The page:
In an effort to ramp up pressure on Republican lawmakers who might agree to a compromise budget deal, a top GOP official has submitted a resolution for the party's convention later this month to formally censure any Republican who votes for new or higher taxes.
"If the Republican party loses the ability to say that we're the party against higher taxes than we've been dealt a grievous blow," said Jon Fleischman, the author of the resolution and a Southern California vice chairman in the California Republican Party.
Fleischman, who publishes the conservative FlashReport Web site, said the resolution is meant as a "stick" to dissuade GOP legislators from agreeing to any budget plan with higher taxes crafted with majority Democrats and Gov. Arnold Schwarzenegger.
"I think it is fair to say that if you are a Republican and, between now and the February convention, you vote for tax increases, you are likely to be censured by your party and cast out among the unwanted," he said.
The resolution goes one step further than a censure. It calls for changes in party bylaws to allow the Republican Party "to campaign and contribute funds against these pro-tax Republican legislators in primaries, and in general elections."
The state GOP faithful are set to gather for their semi-annual convention in Sacramento on Feb. 20.
"I think there's enough anger out there that something like this could pass," said Patrick Dorinson, former communications director for California Republican Party.
Legislative leaders and Schwarzenegger have been negotiating behind closed doors -- in what's termed Big Five meetings -- to address the state's roughly $40 billion budget hole through July 2010.
Neither Assembly GOP leader Mike Villines, Senate GOP leader Dave Cogdill nor Senate leader Darrell Steinberg returned a call for comment Monday.
Assembly Speaker Karen Bass, D-Los Angeles, called the censure maneuver "blackmail.
"it would seem to be fundamentally out of touch and greatly at odds with how the people of this state want us to be governing," she said in a statement.
As of this weekend, the state no longer has enough cash to pay its ongoing bills and has begun withholding tax refund payments to state residents. Other payments are also being withheld.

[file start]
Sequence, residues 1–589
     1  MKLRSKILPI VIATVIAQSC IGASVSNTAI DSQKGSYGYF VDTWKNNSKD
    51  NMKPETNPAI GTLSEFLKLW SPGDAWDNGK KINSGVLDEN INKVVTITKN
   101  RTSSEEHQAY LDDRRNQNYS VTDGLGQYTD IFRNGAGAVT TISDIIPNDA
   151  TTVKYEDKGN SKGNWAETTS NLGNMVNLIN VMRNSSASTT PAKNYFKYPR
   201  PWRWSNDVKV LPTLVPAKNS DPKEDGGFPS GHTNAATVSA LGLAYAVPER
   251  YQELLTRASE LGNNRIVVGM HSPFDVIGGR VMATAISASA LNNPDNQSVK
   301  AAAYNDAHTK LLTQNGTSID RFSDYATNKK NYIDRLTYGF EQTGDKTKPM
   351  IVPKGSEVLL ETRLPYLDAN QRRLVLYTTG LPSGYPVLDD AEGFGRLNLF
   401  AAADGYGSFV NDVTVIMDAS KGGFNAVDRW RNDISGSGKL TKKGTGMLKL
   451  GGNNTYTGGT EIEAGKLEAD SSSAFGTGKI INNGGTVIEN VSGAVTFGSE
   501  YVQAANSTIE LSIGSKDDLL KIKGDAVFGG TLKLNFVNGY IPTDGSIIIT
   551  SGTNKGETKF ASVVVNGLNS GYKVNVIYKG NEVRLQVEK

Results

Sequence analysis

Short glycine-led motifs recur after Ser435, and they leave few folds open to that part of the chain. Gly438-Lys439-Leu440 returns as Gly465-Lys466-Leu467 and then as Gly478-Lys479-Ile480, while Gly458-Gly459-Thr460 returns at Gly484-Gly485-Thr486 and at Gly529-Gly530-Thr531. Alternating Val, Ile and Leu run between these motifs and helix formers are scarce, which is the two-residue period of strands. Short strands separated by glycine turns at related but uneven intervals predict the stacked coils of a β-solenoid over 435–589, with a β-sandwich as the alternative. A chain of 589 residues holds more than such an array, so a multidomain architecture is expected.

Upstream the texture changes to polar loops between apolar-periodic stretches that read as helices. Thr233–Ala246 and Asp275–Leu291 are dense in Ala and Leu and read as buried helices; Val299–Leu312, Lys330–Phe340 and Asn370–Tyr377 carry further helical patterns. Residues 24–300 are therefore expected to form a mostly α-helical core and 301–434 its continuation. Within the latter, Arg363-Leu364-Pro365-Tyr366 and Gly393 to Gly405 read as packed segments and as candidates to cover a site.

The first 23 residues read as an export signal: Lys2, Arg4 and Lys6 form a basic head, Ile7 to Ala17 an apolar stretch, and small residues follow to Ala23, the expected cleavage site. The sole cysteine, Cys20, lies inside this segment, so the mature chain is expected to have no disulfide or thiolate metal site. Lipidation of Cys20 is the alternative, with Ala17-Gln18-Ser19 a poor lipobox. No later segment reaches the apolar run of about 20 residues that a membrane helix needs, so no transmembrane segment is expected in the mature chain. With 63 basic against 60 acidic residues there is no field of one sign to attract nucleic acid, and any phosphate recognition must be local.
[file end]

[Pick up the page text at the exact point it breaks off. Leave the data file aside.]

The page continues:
For months, Democrats and Schwarzenegger have proposed a combination of tax hikes and spending cuts to close the budget deficit, but, thus far, Republicans, many of whom signed pledges to never raise taxes, have refused to go along.
But that opposition has appeared to soften in recent weeks, with business groups advocating for new broad-based taxes, instead of none at all, and GOP lawmakers signaling a willingness to talk.
Assemblyman Roger Niello, the Republican vice chair of the budget committee, told The Bee on Jan. 22, "I'm going to express enough flexibility so that the other side will know that, as for me, if they express flexibility on those things that I think are important, I'm going to express flexibility on those things that they think are important."
Fleischman said he had yet to personally speak to any GOP lawmaker openly supporting new taxes, but said, "You kind of need to be prepared."
Fleischman is a unabashed limited government advocate, who said he would solve the budget hole by undoing labor contracts, firing state workers and shrinking government to the size it was several years ago.
"It makes no sense that in the private sector there is massive downsizing of companies and there is no right-sizing taking place in government," he said.
Or, as he wrote on his Web site on Monday, "State government needs to do less, with less,"
But Dorinson did not like the censure tactic, saying it was self-defeating for Republicans.
"This kind of stuff reminds me of the fellow, who is not too bright, who walks into his bedroom and sees his wife with another man," Dorinson said. "Then he points the gun at his own head. His wife and the guy start laughing. And the guy says, 'What are you laughing at, you're next.'"
"It seems like we're attacking ourselves," he added.
Photo: Assembly Speaker Karen Bass and Assembly GOP leader Mike Villines negotiating in the speaker's office in August 2008. Photo credit: Rich Pedroncelli, Associated Press